A Superior Court judge has tossed out a wrongful-death suit filed by a family whose 2-year-old boy plunged from a luxury box at Staples Center, saying that the arena operator was not responsible for the toddler's death.
The suit, filed in Los Angeles County Superior Court in May 2011, named Staples Center owner AEG and the operator of the arena, L.A. Arena Co., as defendants in connection with the death of Lucas Tang, who fell from the box in November 2010 after a Lakers game. The family had alleged that a poorly designed barrier led to Tang's death.
But in her ruling Friday, Judge Susan Bryant-Deason put the onus of supervision on Tang's parents, Henry Tang and Homaimi Nguyen, rather than the arena.
"The court finds that it was not foreseeable that Mr. Tang and Ms. Nguyen would place Lucas in an open and obviously dangerous situation by putting him on the beverage bar where it was easily foreseeable that he could climb over the tempered glass and fall," the judge wrote in her ruling.
Resting on previous court decisions, she added that even if the arena did have the duty to supervise the child, there was no evidence that the arena's actions caused the fall.
Moments before the boy plunged, the Tang family was taking pictures in front of the tempered safety glass barrier. But as the family was reviewing pictures on a digital camera, Lucas made his way over the barrier and fell nearly 30 feet.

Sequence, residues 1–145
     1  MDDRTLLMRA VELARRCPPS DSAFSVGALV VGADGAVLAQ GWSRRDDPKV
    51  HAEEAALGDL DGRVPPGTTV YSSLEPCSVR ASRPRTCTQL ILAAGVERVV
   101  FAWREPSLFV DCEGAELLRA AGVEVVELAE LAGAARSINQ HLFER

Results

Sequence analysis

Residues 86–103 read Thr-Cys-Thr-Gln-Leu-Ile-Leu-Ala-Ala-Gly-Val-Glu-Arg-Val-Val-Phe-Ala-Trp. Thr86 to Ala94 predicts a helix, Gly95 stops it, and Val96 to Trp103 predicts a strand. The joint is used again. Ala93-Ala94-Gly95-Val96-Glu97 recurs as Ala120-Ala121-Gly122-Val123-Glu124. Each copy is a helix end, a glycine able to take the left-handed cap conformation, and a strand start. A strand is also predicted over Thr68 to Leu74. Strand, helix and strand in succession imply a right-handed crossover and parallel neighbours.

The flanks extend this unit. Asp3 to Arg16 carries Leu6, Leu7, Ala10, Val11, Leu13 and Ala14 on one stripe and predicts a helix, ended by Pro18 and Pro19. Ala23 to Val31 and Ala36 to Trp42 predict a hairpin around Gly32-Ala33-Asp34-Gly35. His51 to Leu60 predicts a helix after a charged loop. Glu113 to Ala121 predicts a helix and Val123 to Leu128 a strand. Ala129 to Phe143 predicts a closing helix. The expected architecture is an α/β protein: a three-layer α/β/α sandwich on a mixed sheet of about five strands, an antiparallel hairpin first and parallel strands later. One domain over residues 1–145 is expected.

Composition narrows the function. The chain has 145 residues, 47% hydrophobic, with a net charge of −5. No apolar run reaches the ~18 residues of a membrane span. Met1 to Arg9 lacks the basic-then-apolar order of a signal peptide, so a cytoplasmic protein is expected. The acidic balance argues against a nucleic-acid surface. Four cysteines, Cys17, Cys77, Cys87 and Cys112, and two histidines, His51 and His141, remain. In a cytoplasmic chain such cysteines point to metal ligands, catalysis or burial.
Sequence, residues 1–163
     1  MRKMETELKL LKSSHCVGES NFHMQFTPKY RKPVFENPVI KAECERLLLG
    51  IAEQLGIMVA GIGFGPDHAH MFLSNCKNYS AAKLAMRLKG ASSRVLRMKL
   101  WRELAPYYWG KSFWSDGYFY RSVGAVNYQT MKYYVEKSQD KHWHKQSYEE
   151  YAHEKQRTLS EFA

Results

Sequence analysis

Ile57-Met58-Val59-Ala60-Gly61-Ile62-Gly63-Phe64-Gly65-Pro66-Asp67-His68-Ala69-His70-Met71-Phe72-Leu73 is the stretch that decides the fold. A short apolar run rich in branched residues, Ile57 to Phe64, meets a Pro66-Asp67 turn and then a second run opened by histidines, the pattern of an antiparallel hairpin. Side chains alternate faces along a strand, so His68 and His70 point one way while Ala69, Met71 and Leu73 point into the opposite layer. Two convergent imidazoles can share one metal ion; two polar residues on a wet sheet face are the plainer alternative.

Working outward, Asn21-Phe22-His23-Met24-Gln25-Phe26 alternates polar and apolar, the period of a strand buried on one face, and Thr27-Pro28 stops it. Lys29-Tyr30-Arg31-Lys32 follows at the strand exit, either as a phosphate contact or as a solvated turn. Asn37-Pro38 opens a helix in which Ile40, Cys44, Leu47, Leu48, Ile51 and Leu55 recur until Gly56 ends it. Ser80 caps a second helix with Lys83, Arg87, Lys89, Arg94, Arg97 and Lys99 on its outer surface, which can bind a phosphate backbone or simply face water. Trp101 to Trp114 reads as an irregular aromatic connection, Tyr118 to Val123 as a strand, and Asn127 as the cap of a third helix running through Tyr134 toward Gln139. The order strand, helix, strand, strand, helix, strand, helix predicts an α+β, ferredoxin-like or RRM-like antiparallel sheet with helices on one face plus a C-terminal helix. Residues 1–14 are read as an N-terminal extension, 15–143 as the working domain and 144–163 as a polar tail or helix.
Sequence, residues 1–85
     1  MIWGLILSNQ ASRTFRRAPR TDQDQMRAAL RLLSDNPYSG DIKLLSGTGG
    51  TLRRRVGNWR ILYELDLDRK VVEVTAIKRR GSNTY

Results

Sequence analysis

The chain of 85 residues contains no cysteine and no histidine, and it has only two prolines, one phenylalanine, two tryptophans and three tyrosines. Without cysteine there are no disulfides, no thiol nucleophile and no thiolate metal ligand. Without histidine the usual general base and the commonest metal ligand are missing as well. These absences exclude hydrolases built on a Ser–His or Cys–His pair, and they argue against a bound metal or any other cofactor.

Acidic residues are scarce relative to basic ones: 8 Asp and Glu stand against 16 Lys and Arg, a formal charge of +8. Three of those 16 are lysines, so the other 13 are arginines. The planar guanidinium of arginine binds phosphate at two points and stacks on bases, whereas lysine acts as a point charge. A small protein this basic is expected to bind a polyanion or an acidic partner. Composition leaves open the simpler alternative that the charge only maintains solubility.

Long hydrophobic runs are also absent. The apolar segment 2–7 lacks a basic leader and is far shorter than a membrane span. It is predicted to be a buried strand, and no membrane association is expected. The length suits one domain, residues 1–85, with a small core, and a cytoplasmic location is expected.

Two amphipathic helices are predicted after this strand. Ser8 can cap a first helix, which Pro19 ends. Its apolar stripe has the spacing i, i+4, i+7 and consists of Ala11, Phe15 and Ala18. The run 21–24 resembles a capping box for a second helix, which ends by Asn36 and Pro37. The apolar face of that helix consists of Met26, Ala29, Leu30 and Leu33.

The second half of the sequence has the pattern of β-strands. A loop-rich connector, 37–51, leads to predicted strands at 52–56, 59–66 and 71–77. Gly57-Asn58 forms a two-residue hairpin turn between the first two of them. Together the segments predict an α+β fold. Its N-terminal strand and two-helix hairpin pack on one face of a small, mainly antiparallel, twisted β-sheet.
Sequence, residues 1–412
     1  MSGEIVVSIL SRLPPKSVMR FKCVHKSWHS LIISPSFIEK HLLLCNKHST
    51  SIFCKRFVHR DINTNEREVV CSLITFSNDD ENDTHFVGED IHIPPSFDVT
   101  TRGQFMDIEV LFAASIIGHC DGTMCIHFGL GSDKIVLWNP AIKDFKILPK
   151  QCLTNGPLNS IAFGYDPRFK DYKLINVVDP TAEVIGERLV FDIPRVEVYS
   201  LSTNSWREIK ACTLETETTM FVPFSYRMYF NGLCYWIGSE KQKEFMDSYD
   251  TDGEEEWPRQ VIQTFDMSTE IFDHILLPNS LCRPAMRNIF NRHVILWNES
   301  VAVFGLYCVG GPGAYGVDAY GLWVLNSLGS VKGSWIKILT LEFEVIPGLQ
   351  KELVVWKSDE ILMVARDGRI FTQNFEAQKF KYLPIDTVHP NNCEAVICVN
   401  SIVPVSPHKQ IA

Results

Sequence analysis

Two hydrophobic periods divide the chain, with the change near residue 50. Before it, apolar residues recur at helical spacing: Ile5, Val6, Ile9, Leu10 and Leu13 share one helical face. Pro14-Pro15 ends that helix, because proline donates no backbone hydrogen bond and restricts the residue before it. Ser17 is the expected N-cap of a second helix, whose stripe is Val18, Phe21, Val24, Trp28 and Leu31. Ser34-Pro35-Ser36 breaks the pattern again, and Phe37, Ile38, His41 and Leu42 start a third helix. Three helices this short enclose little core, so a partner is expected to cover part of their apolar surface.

He died the next morning at a hospital.
In court documents, lawyers for the family had alleged that the barrier in front of the boxes was only about 2 feet high and that the "design and maintenance of the luxury box constituted an unreasonable and dangerous condition."
"We are disappointed but not surprised by Judge Bryant-Deason's decision, as she consistently ruled against the Tang family on issues large and small since the outset of the case," attorneys for the Tang family said in a statement. "We are confident that the Court of Appeal will have a very different perspective on the case and that the Tang family ultimately will prevail. In the meantime, we hope that the dangerous, unremediated conditions at the Staples Center will not result in another tragedy."
Michael Roth, vice president of communications for AEG, provided a statement from company lawyers that said they "remain deeply saddened" by the death of Lucas.
"As the court's ruling makes clear, Staples Center did not cause this accident," the statement said. "The court found that plaintiffs failed to demonstrate that anything Staples Center did or did not do caused Lucas' fall. The court's ruling in favor of Staples Center, which was made after careful review of all evidence, is well-reasoned and supported by all facts presented by the parties as well as applicable law."
Roth said the incident was the only fatality of its kind at the arena, which opened in 1999.